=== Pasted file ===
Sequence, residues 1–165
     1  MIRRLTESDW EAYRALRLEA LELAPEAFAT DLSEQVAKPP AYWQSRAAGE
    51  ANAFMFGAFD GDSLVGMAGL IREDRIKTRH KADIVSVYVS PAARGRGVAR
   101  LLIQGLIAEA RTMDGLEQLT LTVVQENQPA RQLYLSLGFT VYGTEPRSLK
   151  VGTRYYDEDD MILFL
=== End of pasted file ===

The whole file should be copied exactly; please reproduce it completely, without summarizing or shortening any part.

Sequence, residues 1–165
     1  MIRRLTESDW EAYRALRLEA LELAPEAFAT DLSEQVAKPP AYWQSRAAGE
    51  ANAFMFGAFD GDSLVGMAGL IREDRIKTRH KADIVSVYVS PAARGRGVAR
   101  LLIQGLIAEA RTMDGLEQLT LTVVQENQPA RQLYLSLGFT VYGTEPRSLK
   151  VGTRYYDEDD MILFL